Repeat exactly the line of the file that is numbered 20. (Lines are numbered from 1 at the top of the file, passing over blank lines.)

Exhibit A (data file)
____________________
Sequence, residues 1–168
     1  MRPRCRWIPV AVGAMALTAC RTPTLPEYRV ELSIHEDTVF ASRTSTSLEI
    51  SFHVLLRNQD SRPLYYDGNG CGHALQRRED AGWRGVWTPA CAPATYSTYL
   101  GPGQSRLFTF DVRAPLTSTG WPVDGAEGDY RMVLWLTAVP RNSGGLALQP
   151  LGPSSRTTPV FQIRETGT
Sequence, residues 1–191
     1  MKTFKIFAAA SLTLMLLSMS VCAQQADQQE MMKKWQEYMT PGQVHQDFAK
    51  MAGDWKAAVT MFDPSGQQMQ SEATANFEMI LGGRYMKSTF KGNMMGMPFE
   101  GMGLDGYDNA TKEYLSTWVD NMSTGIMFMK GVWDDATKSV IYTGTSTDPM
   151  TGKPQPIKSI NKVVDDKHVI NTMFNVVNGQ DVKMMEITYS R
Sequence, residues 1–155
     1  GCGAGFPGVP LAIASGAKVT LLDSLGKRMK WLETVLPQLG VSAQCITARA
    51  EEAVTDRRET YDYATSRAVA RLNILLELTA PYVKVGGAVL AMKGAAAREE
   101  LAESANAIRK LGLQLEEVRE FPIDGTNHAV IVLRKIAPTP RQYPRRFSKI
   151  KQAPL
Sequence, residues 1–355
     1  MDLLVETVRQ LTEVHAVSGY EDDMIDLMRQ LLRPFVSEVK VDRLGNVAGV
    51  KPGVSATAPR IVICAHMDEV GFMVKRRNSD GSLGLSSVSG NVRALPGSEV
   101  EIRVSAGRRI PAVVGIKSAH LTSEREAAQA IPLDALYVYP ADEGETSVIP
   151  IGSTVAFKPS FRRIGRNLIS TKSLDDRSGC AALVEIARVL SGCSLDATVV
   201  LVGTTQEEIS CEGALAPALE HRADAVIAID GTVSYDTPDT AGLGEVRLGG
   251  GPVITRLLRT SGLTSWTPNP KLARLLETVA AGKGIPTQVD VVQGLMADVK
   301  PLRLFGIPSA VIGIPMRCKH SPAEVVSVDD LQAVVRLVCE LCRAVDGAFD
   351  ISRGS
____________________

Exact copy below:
   151  IGSTVAFKPS FRRIGRNLIS TKSLDDRSGC AALVEIARVL SGCSLDATVV